Organ trafficker gouges out Chinese boy’s eyes for corneas to sell on black market

Six-year-old boy was snatched while playing outside his home

John Hall
Wednesday 28 August 2013 17:24
Guo Bin recuperates from an attack in the rural area of Linfen city that left him blind, in a hospital in Taiyuan
Guo Bin recuperates from an attack in the rural area of Linfen city that left him blind, in a hospital in Taiyuan

A six-year-old Chinese boy has had his eyeballs gouged out by an organ trafficker who stole his corneas to sell on the black market.

Police say the child, named locally as Binbin, was playing outside his home in Linfen in the province of Shanxi when he was approached by a female organ trafficker, who reportedly warned him: “Don’t cry and I won’t gouge out your eyes”.

The boy was subsequently drugged and taken to a field where he lost consciousness. The woman then removed the boy’s eyeballs, either with her fingers or using a crude mechanical device, leaving him covered in blood and screaming in pain.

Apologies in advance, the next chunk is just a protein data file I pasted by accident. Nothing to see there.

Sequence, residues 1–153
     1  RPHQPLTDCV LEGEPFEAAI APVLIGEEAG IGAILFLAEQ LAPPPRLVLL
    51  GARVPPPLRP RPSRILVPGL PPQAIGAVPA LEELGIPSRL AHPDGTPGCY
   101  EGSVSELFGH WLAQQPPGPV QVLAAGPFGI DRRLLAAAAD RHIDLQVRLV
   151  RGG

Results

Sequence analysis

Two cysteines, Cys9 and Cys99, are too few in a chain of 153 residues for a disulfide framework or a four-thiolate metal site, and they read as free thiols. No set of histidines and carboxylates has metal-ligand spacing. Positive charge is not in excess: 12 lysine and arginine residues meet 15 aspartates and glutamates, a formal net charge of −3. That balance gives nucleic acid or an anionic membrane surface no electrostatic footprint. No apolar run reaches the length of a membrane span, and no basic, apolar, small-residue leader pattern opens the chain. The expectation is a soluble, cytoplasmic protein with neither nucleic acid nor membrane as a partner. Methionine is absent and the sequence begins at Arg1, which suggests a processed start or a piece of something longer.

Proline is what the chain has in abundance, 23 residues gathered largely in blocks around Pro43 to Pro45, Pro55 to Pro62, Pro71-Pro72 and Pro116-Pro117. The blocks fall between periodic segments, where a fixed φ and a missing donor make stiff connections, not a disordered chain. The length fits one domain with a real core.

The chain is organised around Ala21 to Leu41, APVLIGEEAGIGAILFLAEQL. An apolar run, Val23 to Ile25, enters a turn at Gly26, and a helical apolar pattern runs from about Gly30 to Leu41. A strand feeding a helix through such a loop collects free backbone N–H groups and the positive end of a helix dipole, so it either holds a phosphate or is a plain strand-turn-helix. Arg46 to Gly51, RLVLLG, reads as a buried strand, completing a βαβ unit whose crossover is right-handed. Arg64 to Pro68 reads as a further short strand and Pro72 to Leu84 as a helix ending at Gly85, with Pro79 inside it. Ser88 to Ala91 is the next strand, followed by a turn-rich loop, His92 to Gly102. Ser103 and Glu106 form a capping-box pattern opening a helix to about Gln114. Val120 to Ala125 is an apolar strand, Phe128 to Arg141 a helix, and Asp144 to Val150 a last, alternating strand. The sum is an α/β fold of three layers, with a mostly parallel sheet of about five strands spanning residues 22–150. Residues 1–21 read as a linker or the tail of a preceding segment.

Binbin was found around four hours later by his frantic parents, who initially thought he had fallen over and cut his face.

It was only after they took him to hospital and cleared the blood from his face that the true extent of Binbin’s injuries was revealed.

Binbin’s devastated father said: “We didn’t notice his eyes were gone when we discovered him – he had blood all over his face. We thought he had fallen down and smashed his face… but his eyelids were turned inside out, and his eyeballs were not there”.

Investigators found Binbin’s eyeballs close to where he was found, but the trafficker had cut out the corneas and taken them away.

Police have offered a reward equivalent to £10,500 for information leading to the arrest of the woman, who is believed to work for a larger criminal network specialising in the sale of stolen organs.

The illicit trade in human organs is fuelled by a 300,000 strong waiting list for life-saving transplants. Each year only around 10,000 people legally receive organ transplants.

Children’s organs are generally more expensive than those of adults, as the wear and tear of life has yet to take its toll on the body parts.

Last year seven people were jailed after a teenager was encouraged to sell a kidney so he could buy an iPhone and an iPad.

Join our new commenting forum

Join thought-provoking conversations, follow other Independent readers and see their replies

View comments